I have been in too many meetings where the first part of the meeting is the brainstorm of what we might do to address the opportunity at hand, and the remainder of the meeting is the long, tedious process of turning that vision into a project plan with dates and deliverables and milestones and activities that can be resolved into auditable checkboxes on a spreadsheet. And you know what? I hate the work that turns vision into process before the vision has had a chance to see how things actually are for a while.
When you’re on with a vision of how something could or should be, that great idea of yours is a liability, not an asset. It’s going to take some huge amount of effort or activation of an existing set of skills or knowledge to go from bright idea to something that someone else can buy into. Resist the temptation to let other people have your perspective on the world spelled out to them too clearly before it gets a chance to adapt to circumstances, or at the very least if you are going to do this for someone for money sell them something that captures not just the time spent in that room but the whole world that you bring to making that room reflect reality.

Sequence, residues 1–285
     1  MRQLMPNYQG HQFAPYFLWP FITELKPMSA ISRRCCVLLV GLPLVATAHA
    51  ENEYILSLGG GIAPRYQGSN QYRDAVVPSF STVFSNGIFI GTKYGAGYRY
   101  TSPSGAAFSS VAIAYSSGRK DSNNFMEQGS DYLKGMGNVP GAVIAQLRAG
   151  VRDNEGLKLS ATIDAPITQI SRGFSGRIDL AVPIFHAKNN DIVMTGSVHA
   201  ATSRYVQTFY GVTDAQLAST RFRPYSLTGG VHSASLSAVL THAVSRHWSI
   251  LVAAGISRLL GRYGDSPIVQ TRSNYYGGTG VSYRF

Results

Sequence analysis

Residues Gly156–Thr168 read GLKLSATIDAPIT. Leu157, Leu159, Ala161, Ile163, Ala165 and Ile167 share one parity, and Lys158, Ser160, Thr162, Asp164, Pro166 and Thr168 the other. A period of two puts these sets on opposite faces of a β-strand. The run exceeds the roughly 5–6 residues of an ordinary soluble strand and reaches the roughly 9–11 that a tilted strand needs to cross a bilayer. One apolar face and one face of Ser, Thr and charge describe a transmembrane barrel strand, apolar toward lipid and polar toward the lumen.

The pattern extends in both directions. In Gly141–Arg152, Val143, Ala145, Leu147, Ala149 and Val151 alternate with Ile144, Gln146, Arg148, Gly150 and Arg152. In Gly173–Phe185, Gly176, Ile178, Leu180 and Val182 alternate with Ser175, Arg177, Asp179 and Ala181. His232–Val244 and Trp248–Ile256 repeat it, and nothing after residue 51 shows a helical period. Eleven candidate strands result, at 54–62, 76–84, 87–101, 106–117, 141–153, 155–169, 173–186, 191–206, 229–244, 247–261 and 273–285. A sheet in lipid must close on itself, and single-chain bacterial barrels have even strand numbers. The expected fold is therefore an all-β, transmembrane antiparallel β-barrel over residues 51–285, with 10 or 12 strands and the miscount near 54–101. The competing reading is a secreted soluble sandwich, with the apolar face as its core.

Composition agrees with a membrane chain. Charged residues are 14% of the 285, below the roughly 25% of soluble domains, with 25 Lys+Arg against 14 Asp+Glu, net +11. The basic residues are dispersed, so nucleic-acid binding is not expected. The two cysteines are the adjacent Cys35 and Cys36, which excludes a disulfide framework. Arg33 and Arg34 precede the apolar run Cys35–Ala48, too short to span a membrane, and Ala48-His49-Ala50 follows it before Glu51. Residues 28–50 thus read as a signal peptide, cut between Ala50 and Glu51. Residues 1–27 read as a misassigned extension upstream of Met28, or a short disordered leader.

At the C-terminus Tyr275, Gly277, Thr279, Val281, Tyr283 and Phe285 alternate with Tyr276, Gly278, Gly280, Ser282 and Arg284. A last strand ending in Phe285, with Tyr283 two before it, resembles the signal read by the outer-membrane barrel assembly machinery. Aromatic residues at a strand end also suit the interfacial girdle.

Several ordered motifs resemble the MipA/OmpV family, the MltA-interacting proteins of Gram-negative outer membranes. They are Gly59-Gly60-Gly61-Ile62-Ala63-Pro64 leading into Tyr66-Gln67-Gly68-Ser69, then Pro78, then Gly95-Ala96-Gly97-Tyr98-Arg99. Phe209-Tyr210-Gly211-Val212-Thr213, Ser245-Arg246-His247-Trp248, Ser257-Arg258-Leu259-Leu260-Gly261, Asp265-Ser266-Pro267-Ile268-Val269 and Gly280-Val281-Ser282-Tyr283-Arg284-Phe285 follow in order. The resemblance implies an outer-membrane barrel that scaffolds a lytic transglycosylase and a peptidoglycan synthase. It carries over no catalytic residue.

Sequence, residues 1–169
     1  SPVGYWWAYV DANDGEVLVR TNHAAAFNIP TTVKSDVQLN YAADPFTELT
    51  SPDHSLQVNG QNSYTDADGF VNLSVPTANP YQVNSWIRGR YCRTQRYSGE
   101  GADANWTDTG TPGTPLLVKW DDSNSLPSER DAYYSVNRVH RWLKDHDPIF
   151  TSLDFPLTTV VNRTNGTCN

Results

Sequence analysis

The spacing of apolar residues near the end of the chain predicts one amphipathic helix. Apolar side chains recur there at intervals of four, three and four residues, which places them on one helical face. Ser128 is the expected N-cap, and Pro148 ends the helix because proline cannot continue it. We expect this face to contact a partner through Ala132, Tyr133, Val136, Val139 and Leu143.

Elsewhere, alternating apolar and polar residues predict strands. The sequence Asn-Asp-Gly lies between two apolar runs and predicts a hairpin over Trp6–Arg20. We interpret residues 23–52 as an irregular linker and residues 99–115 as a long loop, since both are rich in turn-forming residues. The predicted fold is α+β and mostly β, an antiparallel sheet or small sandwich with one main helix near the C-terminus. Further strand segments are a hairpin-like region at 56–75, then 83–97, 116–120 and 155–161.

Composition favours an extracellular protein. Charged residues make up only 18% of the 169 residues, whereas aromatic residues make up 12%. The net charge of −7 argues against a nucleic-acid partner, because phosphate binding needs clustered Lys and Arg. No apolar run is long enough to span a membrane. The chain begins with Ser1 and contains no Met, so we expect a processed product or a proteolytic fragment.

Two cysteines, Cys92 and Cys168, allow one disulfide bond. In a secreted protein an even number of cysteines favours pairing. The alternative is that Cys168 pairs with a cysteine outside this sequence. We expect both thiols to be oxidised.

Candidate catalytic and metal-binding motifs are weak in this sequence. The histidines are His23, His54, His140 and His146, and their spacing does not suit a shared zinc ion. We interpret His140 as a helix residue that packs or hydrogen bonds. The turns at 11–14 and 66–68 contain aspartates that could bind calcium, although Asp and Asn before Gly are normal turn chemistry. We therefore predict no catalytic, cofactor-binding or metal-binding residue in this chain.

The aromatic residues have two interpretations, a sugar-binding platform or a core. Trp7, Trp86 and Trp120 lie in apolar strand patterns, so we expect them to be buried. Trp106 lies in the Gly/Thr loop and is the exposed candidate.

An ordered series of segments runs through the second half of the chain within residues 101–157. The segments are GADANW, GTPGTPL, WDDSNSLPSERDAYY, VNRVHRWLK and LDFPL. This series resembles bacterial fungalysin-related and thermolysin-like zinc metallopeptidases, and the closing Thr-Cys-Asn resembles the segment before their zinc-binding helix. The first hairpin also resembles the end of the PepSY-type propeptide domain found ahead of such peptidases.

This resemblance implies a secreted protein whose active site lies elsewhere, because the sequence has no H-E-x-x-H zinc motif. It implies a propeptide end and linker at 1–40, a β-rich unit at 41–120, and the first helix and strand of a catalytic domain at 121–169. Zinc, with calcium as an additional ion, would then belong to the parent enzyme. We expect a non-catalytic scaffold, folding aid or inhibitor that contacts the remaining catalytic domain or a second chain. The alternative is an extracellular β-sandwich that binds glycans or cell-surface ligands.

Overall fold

I was thinking through the complicated game of work for hire, and the odd incentives people have to deliver precisely what was specified, even if during the duration of the contract the specifications are determined to be wrong in some way.
Good point, Ed. I’ve been in a lot of those too. And you are right, it then turns into a list of deliverables, indicators, etc. and in my experience a lot of those get lost somewhere down the road as they run into unanticipated circumstances.
Maybe one approach would be to summarize the vision (and point out contradictory goals from different corners) and put it out for contemplation and comment for a stated period. Not anonymous comment, I would hope.